It has now been one full month since Donald J. Trump was inaugurated as President, and you may recall that the general consensus after the big post-election rally was that investors should “buy the Election and sell the Inauguration.” Even though the ‘buy’ part of the strategy was never mentioned until early January – well after the market rallied in November – the consensus trade was that all of the gains pre-Inauguration were being borrowed from the future and that investors would sell the news after Trump was sworn in. It has only been a month, but so far the strategy hasn’t quite panned out. Since Inauguration Day, the S&P 500 is up 3.3%, while the average performance of the 500 stocks in the index is even better at +3.6%.
In the tables below, we provide a brief summary of the S&P 500’s biggest winners and losers during the first full month under President Trump. The first table below lists the 25 biggest winners over the last month. Leading the way higher is Arconic (ARNC), which thanks to an activist investor, is up over 40%. Behind ARNC, Seagate Technology (STX) is the only other stock up more than 20%. Other notable names on the list include Apple (AAPL) and Cisco (CSCO). In terms of sector representation, it was surprising to see relatively few stocks from the Financials (3) and Industrials (4) sectors as they have been considered to be among the biggest winners under a President Trump. On the flipside, the sectors with the greatest representation are Technology and Health Care, each with six stocks. Both of these sectors did poorly on a relative basis to close out 2016, but investors have started coming around to them regardless of the President’s not-so-positive-relationship with the sectors.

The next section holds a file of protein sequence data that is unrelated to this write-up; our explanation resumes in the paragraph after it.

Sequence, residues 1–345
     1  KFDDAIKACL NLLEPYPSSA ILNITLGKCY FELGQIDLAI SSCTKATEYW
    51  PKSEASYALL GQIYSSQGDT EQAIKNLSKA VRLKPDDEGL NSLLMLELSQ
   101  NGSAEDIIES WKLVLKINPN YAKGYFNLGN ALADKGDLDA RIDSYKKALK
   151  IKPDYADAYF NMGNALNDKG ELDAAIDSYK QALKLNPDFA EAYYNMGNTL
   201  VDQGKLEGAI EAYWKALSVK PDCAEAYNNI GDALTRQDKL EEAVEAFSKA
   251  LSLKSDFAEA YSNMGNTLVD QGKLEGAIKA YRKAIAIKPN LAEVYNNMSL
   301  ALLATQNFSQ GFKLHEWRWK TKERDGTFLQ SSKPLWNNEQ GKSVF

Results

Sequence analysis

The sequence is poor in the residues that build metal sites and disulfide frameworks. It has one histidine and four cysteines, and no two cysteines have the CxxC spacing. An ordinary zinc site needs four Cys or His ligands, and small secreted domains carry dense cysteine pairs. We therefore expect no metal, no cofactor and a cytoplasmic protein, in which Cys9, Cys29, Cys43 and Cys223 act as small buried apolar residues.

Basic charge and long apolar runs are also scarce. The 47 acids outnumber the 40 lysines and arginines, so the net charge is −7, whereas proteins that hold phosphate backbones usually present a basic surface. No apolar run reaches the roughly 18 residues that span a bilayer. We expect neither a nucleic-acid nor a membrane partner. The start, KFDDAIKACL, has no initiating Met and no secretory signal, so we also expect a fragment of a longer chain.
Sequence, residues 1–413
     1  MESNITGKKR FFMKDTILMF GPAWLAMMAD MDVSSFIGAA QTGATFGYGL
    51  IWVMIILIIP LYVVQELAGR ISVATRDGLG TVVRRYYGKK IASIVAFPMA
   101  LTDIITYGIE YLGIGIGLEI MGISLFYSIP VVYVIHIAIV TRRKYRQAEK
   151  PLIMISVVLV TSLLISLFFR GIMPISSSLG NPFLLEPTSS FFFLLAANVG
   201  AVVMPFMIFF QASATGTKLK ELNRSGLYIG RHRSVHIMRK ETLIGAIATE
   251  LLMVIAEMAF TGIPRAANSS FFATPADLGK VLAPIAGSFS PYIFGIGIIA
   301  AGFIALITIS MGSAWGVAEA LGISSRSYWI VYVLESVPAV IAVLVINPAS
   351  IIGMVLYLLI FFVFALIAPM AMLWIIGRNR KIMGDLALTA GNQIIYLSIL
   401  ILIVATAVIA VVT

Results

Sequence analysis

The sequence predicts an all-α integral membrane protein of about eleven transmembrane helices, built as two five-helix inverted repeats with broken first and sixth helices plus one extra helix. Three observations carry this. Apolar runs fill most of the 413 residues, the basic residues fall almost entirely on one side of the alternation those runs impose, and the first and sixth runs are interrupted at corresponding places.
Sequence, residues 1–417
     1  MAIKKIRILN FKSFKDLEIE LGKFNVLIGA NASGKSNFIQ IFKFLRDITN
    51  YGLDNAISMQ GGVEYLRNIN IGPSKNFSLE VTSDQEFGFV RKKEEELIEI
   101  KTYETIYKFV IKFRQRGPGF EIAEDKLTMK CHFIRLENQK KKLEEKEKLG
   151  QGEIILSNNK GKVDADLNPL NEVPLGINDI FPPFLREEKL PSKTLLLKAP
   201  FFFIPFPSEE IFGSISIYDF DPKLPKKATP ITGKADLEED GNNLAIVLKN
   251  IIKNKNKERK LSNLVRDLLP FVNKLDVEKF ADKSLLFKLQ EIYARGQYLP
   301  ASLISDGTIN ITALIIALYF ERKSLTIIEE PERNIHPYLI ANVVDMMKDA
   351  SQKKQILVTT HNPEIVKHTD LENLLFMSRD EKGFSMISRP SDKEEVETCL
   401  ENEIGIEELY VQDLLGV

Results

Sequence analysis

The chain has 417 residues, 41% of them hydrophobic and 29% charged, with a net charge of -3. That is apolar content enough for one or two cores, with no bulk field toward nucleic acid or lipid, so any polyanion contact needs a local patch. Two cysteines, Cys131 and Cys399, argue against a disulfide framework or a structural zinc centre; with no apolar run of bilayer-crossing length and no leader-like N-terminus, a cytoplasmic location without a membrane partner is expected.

To the downside, 117 stocks in the S&P 500 are down since the Inauguration, and below we list the 25 worst performers. Under Armour (UAA) has been the worst stock by far, losing close to a quarter of its value. Behind UAA, eight other stocks are down 10%, including other consumer names like Mattel (MAT), Ralph Lauren (RL), and H&R Block (HRB). In fact, Consumer Discretionary stocks have been especially hard hit under President Trump with eight of the worst 25 performers. Likewise, even though he has promised to decrease regulation and ease drilling restrictions, eight stocks from the Energy sector also made the list of 25 biggest losers. Perhaps there will be just too much oil coming out of the ground. One sector conspicuously absent from the list of biggest losers is Financials. While they may not be ripping under President Trump, Financials also haven’t been under pressure by any stretch.